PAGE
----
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What are the best practices when it comes to modifying a huge (more than 500 M records) table in Azure SQL server in deployment.

By modification I mean the table gets updated for past few days (let's say 10 days) and the new data has to be written it to the huge. Note that the table already has some data for past 9 days in this example. In this case, I see these options to update the huge (target table):

  1. Create a staging/temp (source) table with the last 10 days data and then merge, using the MERGE command, it to the target table. Here there is an issue that as there are many columns with no unique primary key, the comparison has to be done on multiple columns. In this case, does it make sense to use multiple columns in the join or use a single concatenated or hashed column created from all these columns?

  2. delete the last 10 days of data and then insert the source table to target table. But I am bit cautious here since as this involves delete, the records are deleted first and then insert happens. What if the delete is successful and insert failed due to any database issue (may be due to a sudden downtime). Consider this as a deployed job where even if it fails for a day, it could recover in the next day's run. With MERGE command, if it fails, due to the roll back mechanism, the data is preserved at least.

  3. delete the last 10 days of data and then append the table using databricks spark insert. Among the time consumption, this strategy was the best. However, as this too involves delete first, how to take care of the scenario if delete is successful and append fails.

  4. truncate the entire table and then repopulate the entire table.

I see many advantages using MERGE but it take a long time for the operation to complete even with indexes are in place. The delete and append option gave the best timings however as the delete and append are independent operations, there is always a risk of losing the data as the append can fail. Is there a way to combine delete and insert in a single command so that it runs as a single block thereby ensuring that if any of these operation fail, it can rollback?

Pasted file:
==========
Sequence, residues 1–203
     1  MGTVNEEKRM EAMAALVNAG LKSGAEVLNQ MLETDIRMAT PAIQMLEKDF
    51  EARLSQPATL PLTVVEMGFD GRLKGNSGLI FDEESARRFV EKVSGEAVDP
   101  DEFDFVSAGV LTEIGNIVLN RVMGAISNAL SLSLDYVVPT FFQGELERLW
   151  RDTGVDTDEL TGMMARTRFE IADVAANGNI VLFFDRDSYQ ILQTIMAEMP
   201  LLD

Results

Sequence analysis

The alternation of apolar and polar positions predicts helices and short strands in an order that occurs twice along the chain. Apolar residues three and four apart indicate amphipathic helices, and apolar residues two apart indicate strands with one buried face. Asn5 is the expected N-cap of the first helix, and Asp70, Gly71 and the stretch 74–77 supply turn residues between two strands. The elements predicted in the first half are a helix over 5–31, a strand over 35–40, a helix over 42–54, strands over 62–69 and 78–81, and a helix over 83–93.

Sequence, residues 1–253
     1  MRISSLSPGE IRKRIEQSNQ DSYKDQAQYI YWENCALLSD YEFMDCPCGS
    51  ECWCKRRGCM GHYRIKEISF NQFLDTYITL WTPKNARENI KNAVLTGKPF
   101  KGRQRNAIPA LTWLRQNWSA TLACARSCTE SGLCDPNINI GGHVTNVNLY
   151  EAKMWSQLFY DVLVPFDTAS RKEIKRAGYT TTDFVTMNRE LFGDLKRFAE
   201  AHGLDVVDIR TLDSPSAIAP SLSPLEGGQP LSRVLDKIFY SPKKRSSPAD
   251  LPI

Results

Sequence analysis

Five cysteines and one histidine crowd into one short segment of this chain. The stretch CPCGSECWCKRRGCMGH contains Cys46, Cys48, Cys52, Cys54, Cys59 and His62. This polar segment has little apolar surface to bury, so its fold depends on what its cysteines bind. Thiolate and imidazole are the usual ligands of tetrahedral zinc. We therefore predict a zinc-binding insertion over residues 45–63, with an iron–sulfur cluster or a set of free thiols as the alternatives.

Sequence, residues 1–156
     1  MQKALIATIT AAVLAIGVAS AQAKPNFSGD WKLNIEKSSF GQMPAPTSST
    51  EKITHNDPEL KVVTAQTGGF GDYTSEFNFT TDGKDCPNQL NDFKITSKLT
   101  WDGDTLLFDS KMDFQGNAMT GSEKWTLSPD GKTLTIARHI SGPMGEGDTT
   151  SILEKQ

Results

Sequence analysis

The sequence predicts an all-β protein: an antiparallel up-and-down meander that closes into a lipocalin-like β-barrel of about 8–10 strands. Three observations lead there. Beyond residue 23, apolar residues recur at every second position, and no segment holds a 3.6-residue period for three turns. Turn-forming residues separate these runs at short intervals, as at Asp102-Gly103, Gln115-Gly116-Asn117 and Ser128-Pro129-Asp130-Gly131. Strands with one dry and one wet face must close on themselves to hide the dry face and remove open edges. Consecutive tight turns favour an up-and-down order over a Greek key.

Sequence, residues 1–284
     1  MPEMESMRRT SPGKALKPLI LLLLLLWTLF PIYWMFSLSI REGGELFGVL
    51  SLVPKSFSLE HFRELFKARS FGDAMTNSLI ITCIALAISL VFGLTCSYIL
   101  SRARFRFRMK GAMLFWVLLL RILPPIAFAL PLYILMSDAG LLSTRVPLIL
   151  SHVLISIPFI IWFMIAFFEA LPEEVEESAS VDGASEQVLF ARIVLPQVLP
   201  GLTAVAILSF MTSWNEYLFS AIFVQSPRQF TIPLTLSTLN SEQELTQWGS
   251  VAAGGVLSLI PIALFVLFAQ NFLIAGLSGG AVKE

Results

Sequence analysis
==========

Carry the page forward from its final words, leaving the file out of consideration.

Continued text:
The SQL server is Microsoft SQL Azure (RTM) - 12.0.2000.8 

What are the best options suggested here? Thank you in advance for any answers/comments.

2 Answers 2

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Besides what Erik said, which is excellent advice because MERGE can be both inefficient and buggy, here's some answers to your other questions:

What if the delete is successful and insert failed due to any database issue

That's the purpose of transactions:

A transaction is a single unit of work. If a transaction is successful, all of the data modifications made during the transaction are committed and become a permanent part of the database. If a transaction encounters errors and must be canceled or rolled back, then all of the data modifications are erased.

Also regarding:

In this case, does it make sense to use multiple columns in the join or use a single concatenated or hashed column created from all these columns?

If the number of columns exceed what's reasonable to create an index on (generally but arbitrarily about 5 or so columns) then it may make sense to create a hashed column on top of the concatenation of those columns.

Also, if the data types of those columns exceed the reasonable size of an index, 900 bytes max (e.g. if there's large string based columns like VARCHAR(1000)) then it also may make sense to create a hashed column on top of them.

You can create a HashKey column that leverages the HASHBYTES() function, which is deterministic, and therefore can be materialized on disk as a persisted computed column and even indexed accordingly (typically on their native key column(s) and the HashKey field). Then it becomes very easy and efficient to compare two of the same rows, to see if there's any changes.

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  • Thank you. Transaction is a great idea. So is the below code best here. 'BEGIN TRANSACTION; DELETE FROM TABLE WHERE ID = (1,2,3,4 etc) INSERT INTO TABLE Values (1,2,3,4 etc) COMMIT TRANSACTION;'.Please note here atleast a 100 M records are deleted and a 100M added.
    – prashanth
    Mar 27, 2023 at 3:25
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    @prashanth It just depends on a number of factors. Deleting 100 million rows will take a while. Inserting 100 million rows will also take a while. Are the tables actively being used during this time?...If so, you may find using a semi-iterative approach to give your server some breathing room while there's concurrency may be helpful. Are you deleting and re-inserting rows that haven't changed?...If so, then you may want to look into only updating the rows that changed using an approach like the second half of my answer mentions.
    – J.D.
    Mar 27, 2023 at 3:32
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This answer is to dissuade you from using merge. It’s like throwing SQL Server an awful knuckleball and requires a lot of special care and handling to use correctly.

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